I’m off to England at the end of the week —
It’s a very special occasion.
My brother is getting married!
So there will be celebrations, the eating of good food
And some long walks up on the South Downs, I hope.
I’m looking forward to a love-filled week.
(I’ll be back on my blog in a week or so. Until then, take care!)
For more love stories, please visit: Our World.
I had time for some lovely walks up on the West Sussex Downs while I was in England.
My first walk was wet and drizzly,
But I loved the way the countryside looked in the mist.
The sheep look a bit ram-bunctious, don’t they?
The next day, the sun broke through
And made the sky and hills sing.
How’s this for a lovely picture of friend-sheep?
This adorable creature stared at me for ages —
I loved the way she was bathed in sun rays.
And wool ewe just look at that sweet face?
I’ll go out on a lamb, and say that you’ve had
Enough of my baaa-d jokes!
For fewer puns and more gorgeous skies, please visit: Skywatch.
A couple of summers ago, we visited the Weald and Downland Open Air Museum
In Sussex, England.
Pretty Elizabethan houses glowed under a big blue sky
And a newly-ploughed field (with a thatched hut in it)
Matched the ploughed furrows of a dramatic sky.
I‘ve got a family emergency and am off to England again. I’ll be back next week.
Until then – take care!
For more lovely views, please visit: Skywatch.
Thank you for your best wishes about my dad’s health. Recovery will be slow, but at least it’s going in the right direction.
It was mild when I was in England, so now I present:
Blue sky with a side order of…
Palm tree (outside my parents’ house);
Love birds on antennas
And street lamp with reflection.
Let’s spare a kind word and smile — or extend an invitation — to those feeling alone or depressed during this holiday season.
For more blue skies, please visit: Skywatch.
I’m celebrating six years of blogging with a look at the Tate Modern – a fabulous museum housed in the former Southbank Power Station – that I visited on my recent trip to England.
The old turbine hall is now the dramatic entrance of the art gallery.
The themes of space and light
Are also present in the art galleries themselves. (They used to be the boiler rooms of the power station).
Even the back of the turbine hall
Is full of light and enormous space.
(That round ball shape on the right is actually a small child.)
As the gallery was closing,
The sun created its own artwork
Of light and shadows and beauty.
For more artistic shots, please visit: Our World Tuesday.
My ‘baby sis’ and I ended up on Brighton Pier one evening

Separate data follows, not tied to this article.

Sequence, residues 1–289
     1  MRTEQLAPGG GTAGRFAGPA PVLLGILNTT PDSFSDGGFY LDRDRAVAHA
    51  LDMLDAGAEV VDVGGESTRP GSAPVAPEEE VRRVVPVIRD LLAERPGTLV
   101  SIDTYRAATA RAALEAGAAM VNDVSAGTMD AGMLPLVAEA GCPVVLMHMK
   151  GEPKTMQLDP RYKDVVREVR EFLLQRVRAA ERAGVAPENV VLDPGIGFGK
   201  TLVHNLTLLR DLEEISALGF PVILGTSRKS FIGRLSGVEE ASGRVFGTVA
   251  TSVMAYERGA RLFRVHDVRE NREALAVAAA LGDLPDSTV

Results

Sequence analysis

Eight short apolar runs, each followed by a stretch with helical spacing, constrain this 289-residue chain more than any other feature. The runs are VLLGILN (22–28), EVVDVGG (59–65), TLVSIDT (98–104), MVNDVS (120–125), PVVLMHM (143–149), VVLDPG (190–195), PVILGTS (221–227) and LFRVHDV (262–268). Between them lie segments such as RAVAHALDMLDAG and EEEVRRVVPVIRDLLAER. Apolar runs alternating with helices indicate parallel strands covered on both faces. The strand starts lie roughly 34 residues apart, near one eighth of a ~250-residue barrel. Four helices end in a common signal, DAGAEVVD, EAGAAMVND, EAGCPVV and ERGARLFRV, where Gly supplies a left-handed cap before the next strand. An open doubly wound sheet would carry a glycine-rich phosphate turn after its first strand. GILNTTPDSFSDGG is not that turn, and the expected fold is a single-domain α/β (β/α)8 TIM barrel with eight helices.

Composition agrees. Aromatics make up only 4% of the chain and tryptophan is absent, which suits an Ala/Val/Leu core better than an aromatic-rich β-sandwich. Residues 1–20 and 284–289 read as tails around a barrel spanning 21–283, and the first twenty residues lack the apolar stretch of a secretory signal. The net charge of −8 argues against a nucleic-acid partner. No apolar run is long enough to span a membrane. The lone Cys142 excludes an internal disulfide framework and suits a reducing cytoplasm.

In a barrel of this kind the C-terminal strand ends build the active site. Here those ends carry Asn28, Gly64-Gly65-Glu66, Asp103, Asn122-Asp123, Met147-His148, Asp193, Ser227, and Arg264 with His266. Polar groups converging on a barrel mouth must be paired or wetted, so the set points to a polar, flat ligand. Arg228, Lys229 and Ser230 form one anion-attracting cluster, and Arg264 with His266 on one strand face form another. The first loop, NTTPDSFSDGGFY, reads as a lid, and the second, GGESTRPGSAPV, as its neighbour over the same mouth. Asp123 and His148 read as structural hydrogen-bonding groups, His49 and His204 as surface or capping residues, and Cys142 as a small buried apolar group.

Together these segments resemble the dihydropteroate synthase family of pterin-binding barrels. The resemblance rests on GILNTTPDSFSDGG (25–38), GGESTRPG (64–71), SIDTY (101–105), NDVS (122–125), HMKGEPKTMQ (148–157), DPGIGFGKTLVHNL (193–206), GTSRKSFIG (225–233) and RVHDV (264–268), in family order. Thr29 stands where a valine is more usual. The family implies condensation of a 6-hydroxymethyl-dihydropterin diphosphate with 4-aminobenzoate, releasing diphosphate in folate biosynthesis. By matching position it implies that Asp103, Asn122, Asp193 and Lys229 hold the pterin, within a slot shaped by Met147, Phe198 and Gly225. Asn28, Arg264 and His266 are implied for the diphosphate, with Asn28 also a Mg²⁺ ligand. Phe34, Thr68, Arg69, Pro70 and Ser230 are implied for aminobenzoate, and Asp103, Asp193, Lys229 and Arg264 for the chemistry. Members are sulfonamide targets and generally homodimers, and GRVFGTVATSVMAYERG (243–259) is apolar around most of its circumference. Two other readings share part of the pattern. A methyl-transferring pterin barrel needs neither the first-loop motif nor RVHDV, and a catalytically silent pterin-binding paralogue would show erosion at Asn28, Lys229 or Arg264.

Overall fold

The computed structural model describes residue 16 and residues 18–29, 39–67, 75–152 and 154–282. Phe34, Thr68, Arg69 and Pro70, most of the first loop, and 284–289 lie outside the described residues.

While I was in England.
After a wonderful time with the kids at the amusement park,
We caught a spectacular sunset over the old West Pier.
As we headed back to the car with the lights twinkling,
My daughter burst out, “I wish we could make photos with our eyes.”
Her Aunty Kata (my sister) had a brilliant reply:
“We can. They are called memories.”
(I’m away at a summer cottage here in Sweden until the weekend, so may not be able to visit you. But I do APPRECIATE all your comments!)
For more memories, please visit: Skywatch.
I’m still in England —
And probably enjoying a view like this one over the Sussex countryside.
I just love the lamps, the birds
And the golden tapestry of the field behind.
For more golden moments, please visit: Skywatch. And I apologize in advance for not being able to visit you.
During my recent trip to England, I had a lovely outing to Clayton Church:
An ancient church mentioned in the Domesday Book (1086).
The church loomed out of the sunlight
And the old wooden door looked like something out of a film set.
The simple yet elegant windows
Going around to the back of the church,
I could see the ancient walls
Next to the more modern part to the left.
The view from the back
Was stunning too.
Apart from its great age, the church is most famous
For having some of the oldest murals in England,
Painted by monks somewhere between 1080 and 1150.
These remarkable wall paintings were forgotten
And then re-discovered some 700 years later during restoration of the church.
Where there is ruin, there is hope for treasure. — Rumi
For more treasure, please visit: Our World.
I’m a big fan of the quirky and the lovely. Here are some interesting sights I saw in England on my trip there last week.
It was surprisingly warm – and this huge magnolia tree was in full bloom
Next to a charming old thatched cottage from about 1550.
I found this pair of bellows on the outside of an old flint cottage, dated circa 1724.
A few doors down, a watchful dog
Keeps an eye on passers-by.
The faded beauty of an abandoned garage
Caught my eye.
The highlight of the weekend was my father’s birthday –
And a reunion with my family
These are my two sisters. (And they call me crazy!)
For more quirky shots, please visit: Our World Tuesday.
I’m off to England at the end of the week and this has inspired me to show you some of the adorable houses in West Sussex, where my sister lives.
What do you prefer?
Shakespearian with wonky beams…
… Or a cottage
With a thatched roof;
A leafy green window
Making art in the summer sun;
Or perhaps a house with iron railings
And bejewelled cobwebs.
The most popular house in England is probably the pub —
Now with gourmet food and a great sense of humour!
For more stories, please visit: Our World Tuesday.